An outlet for charging frustrations
Charging alternatives bring the power from the battery room to the operator’s fingertips.
in the NewsState of Logistics 2016: Pursue mutual benefit Cranes going higher at Port of Oakland’s largest marine terminal Robotic Industries Association announces winners of Engelberger Robotics Awards FedEx, USPS extend air transport contract to 2024 U.S.-NAFTA freight rises for third time in five months in December, reports BTS More News
We all wish the process of fueling up at the gas pump was a bit speedier, if only to dull the pain of watching dollars trickle away. At least it doesn’t take 16 hours like it does for a lift truck battery to be charged, cooled and sent back to work. In the warehouse, fast-charge and opportunity-charge systems aim to make recharging a battery as convenient as visiting a gas station, and the science behind each technology might even help keep costs down.
Both fast-charge and opportunity-charge systems use decentralized power sources to bring the power to the truck, where the battery stays put. But key differences in infrastructure, charge rates and warehouse rhythm will give each technology advantages depending on the operation.
According to Kenro Okamoto, electric product planning specialist for Toyota Material Handling, the primary difference between fast charging and any other charging technology is the continuous communication between the battery and charger. Conventional chargers, which do not extensively communicate with the battery, use a simple repetitive charging algorithm designed to take the battery to a 100% state of charge. “If you hook a battery up to a conventional charger, that charger is blind,” says Okamoto. “It just runs through the motions and blasts the battery.”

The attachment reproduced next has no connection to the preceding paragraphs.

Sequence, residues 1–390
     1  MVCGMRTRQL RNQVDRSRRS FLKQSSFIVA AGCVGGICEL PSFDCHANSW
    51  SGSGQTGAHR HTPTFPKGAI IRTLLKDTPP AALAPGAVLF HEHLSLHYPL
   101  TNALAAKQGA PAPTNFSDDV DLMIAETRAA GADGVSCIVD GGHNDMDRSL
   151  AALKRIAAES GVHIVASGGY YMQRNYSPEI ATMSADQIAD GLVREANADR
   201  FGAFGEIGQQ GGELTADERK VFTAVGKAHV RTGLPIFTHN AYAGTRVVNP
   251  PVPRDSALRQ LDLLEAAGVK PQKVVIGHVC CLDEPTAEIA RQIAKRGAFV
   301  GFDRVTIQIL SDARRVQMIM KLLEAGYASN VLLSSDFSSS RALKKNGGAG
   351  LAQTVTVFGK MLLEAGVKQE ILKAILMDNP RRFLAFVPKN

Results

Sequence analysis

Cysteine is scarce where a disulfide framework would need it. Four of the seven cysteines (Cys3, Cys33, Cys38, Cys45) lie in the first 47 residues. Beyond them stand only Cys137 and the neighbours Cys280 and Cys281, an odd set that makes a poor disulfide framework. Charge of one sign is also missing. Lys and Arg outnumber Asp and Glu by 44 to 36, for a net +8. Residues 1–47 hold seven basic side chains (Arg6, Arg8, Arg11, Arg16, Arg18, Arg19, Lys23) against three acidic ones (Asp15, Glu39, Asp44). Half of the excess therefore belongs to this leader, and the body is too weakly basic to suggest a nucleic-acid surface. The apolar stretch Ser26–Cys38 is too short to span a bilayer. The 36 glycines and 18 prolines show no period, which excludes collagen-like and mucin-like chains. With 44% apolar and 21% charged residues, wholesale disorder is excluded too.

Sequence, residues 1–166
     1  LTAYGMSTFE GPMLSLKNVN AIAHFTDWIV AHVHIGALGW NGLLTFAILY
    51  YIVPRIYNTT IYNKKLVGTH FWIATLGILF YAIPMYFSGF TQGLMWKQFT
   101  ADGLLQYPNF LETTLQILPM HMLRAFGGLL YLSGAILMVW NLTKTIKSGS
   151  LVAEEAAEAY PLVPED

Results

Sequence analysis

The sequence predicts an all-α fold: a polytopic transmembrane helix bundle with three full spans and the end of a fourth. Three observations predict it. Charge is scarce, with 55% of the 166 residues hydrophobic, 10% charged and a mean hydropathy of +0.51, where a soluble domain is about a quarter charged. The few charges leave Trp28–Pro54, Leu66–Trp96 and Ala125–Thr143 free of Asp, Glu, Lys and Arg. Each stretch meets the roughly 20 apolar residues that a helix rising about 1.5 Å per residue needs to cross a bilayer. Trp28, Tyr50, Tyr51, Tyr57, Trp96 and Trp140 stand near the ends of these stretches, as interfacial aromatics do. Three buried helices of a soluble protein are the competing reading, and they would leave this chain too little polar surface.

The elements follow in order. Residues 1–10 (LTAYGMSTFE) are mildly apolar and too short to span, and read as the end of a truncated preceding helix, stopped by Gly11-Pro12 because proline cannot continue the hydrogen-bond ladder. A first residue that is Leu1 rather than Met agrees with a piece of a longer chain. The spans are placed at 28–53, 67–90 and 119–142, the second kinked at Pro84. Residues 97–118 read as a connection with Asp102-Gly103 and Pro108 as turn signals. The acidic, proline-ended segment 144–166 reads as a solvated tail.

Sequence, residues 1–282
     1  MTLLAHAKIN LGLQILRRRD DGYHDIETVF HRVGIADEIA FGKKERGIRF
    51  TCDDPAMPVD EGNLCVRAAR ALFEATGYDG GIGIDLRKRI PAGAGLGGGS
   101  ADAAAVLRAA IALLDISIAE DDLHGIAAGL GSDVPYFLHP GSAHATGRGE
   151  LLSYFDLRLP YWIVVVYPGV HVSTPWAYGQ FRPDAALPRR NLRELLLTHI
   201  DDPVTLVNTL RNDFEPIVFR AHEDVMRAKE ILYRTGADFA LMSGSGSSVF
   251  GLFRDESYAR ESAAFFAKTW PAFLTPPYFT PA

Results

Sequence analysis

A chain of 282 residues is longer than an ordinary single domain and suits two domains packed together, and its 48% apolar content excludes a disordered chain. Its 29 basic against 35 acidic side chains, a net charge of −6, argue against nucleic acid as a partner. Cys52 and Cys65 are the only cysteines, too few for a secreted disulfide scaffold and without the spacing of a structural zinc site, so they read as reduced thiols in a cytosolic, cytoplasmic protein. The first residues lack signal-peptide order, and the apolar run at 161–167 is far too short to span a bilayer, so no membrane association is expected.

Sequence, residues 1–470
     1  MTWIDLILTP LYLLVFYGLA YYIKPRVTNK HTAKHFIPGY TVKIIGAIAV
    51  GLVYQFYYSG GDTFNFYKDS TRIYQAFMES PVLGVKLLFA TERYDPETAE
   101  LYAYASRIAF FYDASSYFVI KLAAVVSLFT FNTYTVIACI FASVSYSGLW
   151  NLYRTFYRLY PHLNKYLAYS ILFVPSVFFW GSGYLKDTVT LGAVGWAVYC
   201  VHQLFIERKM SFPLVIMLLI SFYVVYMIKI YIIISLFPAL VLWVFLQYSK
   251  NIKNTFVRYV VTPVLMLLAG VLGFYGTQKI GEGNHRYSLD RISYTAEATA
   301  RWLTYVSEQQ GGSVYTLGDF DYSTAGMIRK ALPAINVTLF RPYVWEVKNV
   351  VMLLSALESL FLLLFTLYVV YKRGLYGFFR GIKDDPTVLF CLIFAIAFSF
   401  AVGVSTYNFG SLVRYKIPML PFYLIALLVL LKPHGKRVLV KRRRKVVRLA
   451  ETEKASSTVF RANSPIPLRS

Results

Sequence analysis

A fast-charging system, however, is constantly adjusting the amperage going into the battery based on its temperature, charge level, and even the electrolyte level in the pack.
“A battery with the exception of the equalization process, is optimally charged between 80% to 85%,” says Okamoto.
No battery should be run below 20%, he adds. A lift truck’s performance will be reduced before a battery gets that low, but Okamoto says that doesn’t stop many operations from running their batteries to the bitter end. “I have seen many applications that have experienced high battery turnover and short battery life. These conditions are usually attributed to operations that continually run their batteries to below a 20% state of charge,” Okamoto says.
Although opportunity charging has minimal battery monitoring capabilities, setups often require fewer up-front installment costs. Fast-charge infrastructure can include electric substations and significant costs.
When speed is essential, the fast-charge setup will boast recharging speeds as much as four times that of conventional systems. According to Okamoto, conventional charging delivers 16 to 18 amps at 100 amp/hours, opportunity charging 25 amps, and fast-charging 40 to 60 amps. Fast-chargers typically use a dual-connector for power delivery, allowing double the power flow.
A fast-charge battery’s inter-cell connectors also use copper as well as lead for enhanced conductivity.
Depending on the rhythm of an operation, fast-charging and opportunity-charging could keep a battery charged at between 25% to 85% at all times, prolonging battery life, increasing uptime, and improving operator productivity. Unlike a trip to the gas station, it’s enough to put a smile on your face.
About the AuthorJosh Bond, Senior Editor Josh Bond is Senior Editor for Modern, and was formerly Modern’s lift truck columnist and associate editor. He has a degree in Journalism from Keene State College and has studied business management at Franklin Pierce University.
Subscribe to Modern Materials Handling Magazine!Subscribe today. It's FREE!
Find out what the world’s most innovative companies are doing to improve productivity in their plants and distribution centers.
Start your FREE subscription today!
Automated Storage on the Move Receiving 101: Setting the Table for Success View More From this Issue